On November 9, 1997, three Department of Conservation biologists, Jeremy Carroll, Dave Barker and James Fraser, with trained bird dogs Bob, Gus and Fiddich, landed on 19 ha Jacquemart Island, just south of Campbell Island. In typical subantarctic fashion, it was raining heavily, with regular bursts of snow, and the wind was 30 knots.
The group had a mere three hours to spend ashore on an island which had been visited by scientists only twice previously—in 1980 and 1984. They were hopeful of discovering an additional population of the Campbell Island teal, a duck species long thought to be extinct, but rediscovered on nearby Dent Island in 1975. Dent Island is of similar size to Jacquemart, and home to no more than 50 of the flightless ducks.
Within ten minutes of landing, one of the dogs had flushed a bird. To the biologists’ surprise, it wasn’t a duck, and it could fly, albeit weakly. Fifty metres away, the dog found a second specimen, which was captured and photographed before being released. It proved to be a snipe—a bird unknown from the Campbell Island area.
Subfossil bones indicate that the New Zealand snipe Coenocotypha aucklandica once roamed the country, but probably disappeared from the mainland after Polynesian rats were brought here. A single specimen was taken on Little Barrier Island in 1870, but this is the nearest record to a mainland occurrence in recent times. The bird seems unable to survive in the presence of any mammals, with the exception of the house mouse. Weka also prey upon its eggs and young.
Three named subspecies of New Zealand snipe survive, each on its own island: Coenocotypha allelelandica huegeli on The Snares, C. a. meinertzhagenae on the Antipodes and C. a. aucklandica on the Auckland Islands. There is a separate species on the Chathams. No snipe have ever been found on Campbell Island, although they once lived on Stewart Island (exterminated by rats from Big South Cape Island in 1964). The nearest population of New Zealand snipe to Campbell Island is on the Auckland Islands, 340 km distant.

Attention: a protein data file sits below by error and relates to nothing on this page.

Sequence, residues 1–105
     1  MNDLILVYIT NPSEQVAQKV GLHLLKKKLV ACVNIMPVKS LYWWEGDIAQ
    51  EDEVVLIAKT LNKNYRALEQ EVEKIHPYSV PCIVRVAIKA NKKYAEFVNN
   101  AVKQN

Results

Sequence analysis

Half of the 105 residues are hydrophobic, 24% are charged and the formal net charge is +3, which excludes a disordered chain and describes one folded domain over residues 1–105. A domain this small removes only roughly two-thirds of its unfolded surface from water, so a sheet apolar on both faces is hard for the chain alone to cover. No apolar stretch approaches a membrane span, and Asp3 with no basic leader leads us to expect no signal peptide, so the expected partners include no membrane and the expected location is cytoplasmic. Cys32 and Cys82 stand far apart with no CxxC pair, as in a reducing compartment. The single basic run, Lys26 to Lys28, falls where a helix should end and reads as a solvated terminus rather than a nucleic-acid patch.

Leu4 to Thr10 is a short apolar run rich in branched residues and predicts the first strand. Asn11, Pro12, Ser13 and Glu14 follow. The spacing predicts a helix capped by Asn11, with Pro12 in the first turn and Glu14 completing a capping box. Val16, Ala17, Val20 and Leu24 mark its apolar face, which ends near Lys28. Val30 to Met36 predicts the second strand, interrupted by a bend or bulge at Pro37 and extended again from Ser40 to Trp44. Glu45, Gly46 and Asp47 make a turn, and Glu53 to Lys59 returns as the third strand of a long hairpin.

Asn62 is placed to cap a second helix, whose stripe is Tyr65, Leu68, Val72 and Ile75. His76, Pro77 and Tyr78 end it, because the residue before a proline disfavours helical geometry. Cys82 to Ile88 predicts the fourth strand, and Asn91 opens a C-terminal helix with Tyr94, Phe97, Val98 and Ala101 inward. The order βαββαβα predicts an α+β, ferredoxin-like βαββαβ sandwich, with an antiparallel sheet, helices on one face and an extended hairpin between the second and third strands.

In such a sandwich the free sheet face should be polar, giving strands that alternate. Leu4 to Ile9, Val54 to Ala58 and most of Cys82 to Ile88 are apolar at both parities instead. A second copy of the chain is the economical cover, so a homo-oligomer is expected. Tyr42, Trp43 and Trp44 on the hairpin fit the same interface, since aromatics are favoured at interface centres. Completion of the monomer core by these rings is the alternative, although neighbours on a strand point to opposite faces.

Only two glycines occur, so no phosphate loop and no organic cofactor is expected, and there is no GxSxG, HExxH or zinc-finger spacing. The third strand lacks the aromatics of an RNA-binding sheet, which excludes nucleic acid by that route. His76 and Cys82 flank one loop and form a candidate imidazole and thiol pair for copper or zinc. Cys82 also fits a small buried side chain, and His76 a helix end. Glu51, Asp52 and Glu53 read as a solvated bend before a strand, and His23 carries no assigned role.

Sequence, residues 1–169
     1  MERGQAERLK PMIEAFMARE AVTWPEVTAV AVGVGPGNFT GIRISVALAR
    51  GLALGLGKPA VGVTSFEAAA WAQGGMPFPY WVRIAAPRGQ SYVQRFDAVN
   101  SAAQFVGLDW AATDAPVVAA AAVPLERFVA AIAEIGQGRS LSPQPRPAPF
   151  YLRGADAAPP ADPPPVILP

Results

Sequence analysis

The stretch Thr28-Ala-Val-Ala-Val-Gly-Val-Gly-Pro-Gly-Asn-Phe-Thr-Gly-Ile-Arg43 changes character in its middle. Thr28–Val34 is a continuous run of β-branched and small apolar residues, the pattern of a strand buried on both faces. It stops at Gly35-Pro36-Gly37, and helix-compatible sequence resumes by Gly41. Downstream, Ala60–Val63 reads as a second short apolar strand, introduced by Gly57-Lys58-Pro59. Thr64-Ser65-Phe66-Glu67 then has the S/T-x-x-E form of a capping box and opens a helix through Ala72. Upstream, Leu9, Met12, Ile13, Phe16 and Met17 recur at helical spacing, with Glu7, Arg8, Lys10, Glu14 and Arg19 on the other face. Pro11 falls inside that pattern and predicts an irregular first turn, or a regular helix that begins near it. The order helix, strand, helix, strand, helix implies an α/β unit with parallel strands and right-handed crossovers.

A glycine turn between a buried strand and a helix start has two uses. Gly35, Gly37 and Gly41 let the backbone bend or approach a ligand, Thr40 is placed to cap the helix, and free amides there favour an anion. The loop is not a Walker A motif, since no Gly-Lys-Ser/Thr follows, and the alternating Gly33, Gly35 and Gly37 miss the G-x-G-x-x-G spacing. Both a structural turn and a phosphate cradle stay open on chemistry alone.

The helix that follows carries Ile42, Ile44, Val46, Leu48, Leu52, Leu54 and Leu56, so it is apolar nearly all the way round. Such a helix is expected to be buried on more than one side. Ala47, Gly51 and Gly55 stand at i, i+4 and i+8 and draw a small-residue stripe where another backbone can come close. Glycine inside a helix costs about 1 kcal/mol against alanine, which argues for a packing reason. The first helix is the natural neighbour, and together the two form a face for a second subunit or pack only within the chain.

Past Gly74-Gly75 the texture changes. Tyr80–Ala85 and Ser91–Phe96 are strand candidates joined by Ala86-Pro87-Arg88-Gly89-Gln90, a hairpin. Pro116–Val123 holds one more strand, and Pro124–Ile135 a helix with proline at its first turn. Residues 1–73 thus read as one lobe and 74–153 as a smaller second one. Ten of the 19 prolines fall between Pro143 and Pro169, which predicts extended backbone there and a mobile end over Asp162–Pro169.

The new bird is similar to the other subantarctic snipe but has a longer bill and more dorsal markings, which may mean that it is a new species or subspecies. DNA analysis of blood samples from all the varieties needs to be done to establish the true taxonomic status of these birds.
Snipe are wading birds in the same family as godwits, curlews and sandpipers. The New Zealand snipe, however, is not a bird of estuary or river; it prefers tussock, scrub and forest, and only ventures into the open at night. The Field Guide to the Birds of New Zealand reports that ghostly nocturnal whistles made by the Stewart Island snipe were apparently the source of the hakawai of Maori legend: a frightening creature of the night.
During the course of the few hours ashore on Jacquemart, three birds were seen, and the dogs’ behaviour indicated the presence of up to 10 birds in the part of the island which was traversed. Given the amount of suitable habitat, there may be up to 60 individuals living on the island.
To formally name a new species or subspecies, a type specimen (preferably a whole animal, though sometimes just a single bone) is usually required to be lodged in a museum. Early ornithologists such as Walter Buller had no qualms about killing and mounting a specimen, even, if it was the last individual of a species.
Buller saw it as “species conservation.” Times have changed. Sacrificing a specimen of a rare species is now about as socially acceptable as terrorism. In the case of the new snipe, it is conceivable that a bone from a long-dead individual could be recovered from Campbell Island (since landing on Jacquemart is so difficult). Snipe probably once lived on Campbell, before rats and cats arrived. No cats have been sighted for several years, but rats are certainly present. The discovery of this snipe will increase pressure for the eradication of rats from Campbell Island, in the hope that the bird can be reestablished there.